With frosts (and maybe snow!) forecast this week, I popped back to Earlham Cemetery once more to try to see a few more species. My main target was a coral fungus called Ramaria flaccida. I had failed to find it last week, but Ian had given me some good directions and eventually I did manage to find some. It was starting to die off and blended in with the pine needles and leaf litter.
Next on the list was a white spindle fungus called Clavaria acuta, which can be hard to see growing in mossy ground.
Finally I went looking for some Earthtongues. These are difficult to assign to species, and it is complicated by more than one species growing together. That appears to be the case at Earlham, as a specimen that Ian took last week appears to be Trichoglossum hirsutum, but one of the ones I examined seems to be a Geoglossum sp based on the shape.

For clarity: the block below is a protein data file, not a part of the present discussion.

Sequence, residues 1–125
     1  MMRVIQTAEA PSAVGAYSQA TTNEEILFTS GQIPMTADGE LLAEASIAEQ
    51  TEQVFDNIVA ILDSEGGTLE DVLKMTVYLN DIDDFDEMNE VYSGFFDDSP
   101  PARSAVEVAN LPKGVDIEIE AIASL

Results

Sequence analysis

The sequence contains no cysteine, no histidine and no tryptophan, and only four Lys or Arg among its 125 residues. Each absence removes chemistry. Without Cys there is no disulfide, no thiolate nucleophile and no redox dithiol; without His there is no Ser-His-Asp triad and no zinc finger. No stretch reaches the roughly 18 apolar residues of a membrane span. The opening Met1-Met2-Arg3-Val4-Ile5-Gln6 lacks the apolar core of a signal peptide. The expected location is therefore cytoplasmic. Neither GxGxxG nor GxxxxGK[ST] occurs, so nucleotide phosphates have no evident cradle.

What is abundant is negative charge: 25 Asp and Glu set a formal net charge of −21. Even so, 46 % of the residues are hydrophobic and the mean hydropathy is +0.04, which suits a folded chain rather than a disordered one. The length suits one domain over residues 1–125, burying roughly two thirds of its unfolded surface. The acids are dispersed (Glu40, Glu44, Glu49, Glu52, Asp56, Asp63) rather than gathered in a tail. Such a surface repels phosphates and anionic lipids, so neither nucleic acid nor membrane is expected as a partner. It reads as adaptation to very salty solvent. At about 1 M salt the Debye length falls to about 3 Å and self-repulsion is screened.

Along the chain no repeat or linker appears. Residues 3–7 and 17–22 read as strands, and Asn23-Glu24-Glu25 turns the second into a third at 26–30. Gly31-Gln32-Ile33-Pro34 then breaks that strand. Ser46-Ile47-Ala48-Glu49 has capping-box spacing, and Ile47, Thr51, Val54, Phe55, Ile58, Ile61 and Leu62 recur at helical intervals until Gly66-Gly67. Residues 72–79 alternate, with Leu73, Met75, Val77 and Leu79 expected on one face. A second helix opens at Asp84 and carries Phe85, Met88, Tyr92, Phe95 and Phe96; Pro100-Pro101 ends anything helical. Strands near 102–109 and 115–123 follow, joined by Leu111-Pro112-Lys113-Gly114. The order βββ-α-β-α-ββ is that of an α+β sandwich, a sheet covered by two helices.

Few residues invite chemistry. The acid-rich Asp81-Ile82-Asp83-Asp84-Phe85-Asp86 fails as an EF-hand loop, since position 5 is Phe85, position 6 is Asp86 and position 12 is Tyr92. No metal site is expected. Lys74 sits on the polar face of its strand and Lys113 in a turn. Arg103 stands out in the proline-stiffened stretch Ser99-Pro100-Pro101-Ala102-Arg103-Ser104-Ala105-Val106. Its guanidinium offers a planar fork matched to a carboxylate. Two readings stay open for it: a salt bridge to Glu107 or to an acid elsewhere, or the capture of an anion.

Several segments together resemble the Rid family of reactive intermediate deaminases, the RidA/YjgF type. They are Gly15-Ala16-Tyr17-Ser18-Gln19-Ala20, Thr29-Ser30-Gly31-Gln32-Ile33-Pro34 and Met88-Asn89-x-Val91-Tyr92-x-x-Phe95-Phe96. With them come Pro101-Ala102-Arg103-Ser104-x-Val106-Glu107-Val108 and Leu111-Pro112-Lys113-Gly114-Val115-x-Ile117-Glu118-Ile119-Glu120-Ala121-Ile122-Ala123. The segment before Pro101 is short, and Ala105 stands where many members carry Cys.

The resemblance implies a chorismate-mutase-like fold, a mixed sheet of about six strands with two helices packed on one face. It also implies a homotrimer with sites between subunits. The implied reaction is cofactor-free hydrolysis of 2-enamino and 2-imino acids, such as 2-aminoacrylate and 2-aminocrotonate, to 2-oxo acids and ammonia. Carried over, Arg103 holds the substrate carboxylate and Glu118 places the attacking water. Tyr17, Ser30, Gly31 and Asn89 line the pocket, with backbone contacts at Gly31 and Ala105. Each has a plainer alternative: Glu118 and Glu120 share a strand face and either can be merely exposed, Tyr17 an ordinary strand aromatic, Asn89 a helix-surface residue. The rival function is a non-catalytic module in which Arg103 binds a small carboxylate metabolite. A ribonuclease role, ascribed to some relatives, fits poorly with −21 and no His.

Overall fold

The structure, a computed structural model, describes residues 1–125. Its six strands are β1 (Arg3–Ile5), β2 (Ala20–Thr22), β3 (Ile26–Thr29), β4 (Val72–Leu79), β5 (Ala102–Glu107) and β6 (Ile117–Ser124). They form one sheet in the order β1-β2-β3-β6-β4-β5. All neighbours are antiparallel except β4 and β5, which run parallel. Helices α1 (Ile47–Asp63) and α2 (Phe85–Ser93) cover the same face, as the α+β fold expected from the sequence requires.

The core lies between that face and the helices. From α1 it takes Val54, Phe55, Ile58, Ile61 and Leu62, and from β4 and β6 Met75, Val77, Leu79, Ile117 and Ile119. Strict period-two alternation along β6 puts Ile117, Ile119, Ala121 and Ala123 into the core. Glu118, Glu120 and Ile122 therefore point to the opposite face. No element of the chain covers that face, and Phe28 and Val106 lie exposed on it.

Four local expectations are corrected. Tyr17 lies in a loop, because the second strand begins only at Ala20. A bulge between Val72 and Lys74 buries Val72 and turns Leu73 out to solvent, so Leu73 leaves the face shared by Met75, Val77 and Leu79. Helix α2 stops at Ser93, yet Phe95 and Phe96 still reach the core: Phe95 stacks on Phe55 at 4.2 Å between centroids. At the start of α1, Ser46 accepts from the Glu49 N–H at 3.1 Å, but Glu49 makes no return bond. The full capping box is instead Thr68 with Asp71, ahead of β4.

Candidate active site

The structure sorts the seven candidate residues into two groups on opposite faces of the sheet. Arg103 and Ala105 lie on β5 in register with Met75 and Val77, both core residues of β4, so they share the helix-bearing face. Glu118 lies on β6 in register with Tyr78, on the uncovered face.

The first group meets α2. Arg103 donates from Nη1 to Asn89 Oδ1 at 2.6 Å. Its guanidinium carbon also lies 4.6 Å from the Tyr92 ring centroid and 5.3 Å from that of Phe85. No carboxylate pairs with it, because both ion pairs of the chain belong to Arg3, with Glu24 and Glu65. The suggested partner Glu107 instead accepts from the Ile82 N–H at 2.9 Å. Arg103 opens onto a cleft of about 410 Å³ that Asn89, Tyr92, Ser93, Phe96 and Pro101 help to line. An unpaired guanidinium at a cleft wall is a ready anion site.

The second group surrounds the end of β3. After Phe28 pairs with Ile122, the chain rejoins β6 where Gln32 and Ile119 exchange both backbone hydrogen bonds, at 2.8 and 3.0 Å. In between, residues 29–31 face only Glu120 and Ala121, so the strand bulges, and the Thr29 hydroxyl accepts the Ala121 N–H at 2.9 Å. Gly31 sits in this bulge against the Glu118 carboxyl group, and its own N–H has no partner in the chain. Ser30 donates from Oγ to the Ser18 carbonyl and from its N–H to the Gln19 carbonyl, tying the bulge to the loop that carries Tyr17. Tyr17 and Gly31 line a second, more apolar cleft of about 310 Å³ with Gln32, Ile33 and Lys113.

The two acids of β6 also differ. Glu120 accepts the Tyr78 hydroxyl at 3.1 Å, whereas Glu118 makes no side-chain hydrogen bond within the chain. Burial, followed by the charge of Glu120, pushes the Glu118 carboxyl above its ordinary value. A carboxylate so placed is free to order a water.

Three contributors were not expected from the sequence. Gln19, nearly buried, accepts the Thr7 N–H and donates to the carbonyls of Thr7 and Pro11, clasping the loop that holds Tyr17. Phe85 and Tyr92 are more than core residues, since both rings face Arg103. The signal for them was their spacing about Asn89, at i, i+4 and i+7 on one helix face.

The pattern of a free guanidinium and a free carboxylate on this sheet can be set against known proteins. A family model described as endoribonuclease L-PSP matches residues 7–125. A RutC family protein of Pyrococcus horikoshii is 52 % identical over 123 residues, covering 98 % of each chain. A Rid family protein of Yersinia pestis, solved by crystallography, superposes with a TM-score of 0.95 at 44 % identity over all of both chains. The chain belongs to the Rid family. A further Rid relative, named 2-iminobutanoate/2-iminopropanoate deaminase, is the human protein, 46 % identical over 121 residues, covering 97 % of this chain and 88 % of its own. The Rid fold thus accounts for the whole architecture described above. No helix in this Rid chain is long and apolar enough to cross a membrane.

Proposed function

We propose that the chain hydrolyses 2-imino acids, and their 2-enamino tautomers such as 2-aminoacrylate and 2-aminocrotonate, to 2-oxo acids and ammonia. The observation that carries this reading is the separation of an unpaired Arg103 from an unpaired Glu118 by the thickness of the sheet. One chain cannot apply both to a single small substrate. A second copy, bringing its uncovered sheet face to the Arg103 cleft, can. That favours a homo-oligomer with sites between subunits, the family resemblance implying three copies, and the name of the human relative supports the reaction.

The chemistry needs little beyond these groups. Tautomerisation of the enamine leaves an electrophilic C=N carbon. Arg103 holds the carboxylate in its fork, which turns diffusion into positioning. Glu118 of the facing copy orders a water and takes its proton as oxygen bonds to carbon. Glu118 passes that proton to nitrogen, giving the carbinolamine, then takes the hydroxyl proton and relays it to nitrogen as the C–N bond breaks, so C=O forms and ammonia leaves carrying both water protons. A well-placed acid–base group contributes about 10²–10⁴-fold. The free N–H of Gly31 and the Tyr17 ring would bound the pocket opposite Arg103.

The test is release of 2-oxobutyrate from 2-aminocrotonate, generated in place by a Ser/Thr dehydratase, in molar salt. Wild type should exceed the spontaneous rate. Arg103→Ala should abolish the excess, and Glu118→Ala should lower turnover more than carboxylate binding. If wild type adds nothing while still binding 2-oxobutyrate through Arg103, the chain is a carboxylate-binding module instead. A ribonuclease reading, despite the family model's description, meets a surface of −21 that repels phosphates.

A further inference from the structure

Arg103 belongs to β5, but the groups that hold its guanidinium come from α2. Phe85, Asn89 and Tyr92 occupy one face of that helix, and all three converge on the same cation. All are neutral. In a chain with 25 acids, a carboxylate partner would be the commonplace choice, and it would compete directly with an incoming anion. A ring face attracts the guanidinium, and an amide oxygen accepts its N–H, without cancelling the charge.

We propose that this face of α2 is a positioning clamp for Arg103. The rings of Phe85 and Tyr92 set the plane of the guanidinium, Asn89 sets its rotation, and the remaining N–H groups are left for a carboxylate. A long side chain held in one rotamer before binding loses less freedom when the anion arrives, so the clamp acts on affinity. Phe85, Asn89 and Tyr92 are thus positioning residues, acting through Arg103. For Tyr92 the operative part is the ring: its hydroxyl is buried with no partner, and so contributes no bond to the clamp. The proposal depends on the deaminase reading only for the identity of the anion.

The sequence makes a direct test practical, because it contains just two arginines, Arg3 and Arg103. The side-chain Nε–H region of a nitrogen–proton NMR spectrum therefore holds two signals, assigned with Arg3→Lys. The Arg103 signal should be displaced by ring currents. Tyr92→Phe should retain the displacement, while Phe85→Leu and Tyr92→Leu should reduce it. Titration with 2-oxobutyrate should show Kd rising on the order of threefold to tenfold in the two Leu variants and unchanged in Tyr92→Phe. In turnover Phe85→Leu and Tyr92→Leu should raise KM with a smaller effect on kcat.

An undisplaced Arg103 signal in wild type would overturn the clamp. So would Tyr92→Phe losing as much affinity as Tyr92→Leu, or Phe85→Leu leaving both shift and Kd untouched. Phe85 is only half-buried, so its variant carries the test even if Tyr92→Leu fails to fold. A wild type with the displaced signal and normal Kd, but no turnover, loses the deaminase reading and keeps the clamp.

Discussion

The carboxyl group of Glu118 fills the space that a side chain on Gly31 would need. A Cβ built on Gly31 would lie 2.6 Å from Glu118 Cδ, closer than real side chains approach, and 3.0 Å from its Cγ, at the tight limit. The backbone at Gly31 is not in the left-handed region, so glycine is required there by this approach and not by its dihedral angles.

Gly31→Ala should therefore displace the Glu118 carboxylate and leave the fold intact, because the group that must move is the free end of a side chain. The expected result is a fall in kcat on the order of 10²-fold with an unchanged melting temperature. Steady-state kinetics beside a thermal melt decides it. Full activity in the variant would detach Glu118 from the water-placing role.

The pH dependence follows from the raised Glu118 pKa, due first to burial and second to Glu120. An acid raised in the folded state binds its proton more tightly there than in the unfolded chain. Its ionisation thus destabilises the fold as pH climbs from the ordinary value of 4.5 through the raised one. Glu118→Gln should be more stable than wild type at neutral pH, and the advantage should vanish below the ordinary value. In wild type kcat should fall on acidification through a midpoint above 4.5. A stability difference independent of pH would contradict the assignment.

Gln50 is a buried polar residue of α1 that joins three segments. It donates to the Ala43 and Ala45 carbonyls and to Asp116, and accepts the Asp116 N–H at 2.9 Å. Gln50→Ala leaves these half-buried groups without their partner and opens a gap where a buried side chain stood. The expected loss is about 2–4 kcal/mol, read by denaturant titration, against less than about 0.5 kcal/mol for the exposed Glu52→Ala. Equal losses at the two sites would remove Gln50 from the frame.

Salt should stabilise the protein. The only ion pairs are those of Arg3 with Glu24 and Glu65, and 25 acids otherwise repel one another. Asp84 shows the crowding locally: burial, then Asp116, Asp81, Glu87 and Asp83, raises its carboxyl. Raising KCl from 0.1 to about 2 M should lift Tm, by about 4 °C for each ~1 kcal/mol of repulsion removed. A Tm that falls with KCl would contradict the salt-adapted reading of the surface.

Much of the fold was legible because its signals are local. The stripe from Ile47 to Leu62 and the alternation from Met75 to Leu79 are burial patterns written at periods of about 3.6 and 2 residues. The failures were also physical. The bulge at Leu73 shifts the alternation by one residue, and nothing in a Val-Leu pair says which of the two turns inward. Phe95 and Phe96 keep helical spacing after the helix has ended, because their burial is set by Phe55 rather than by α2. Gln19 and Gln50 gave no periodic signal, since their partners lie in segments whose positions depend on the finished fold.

The cemetery has been excellent for fungi this autumn, and I still didn't catch up with Parrot Waxcap and Beaked Earthstar, so I'll certainly be back next autumn to look for those.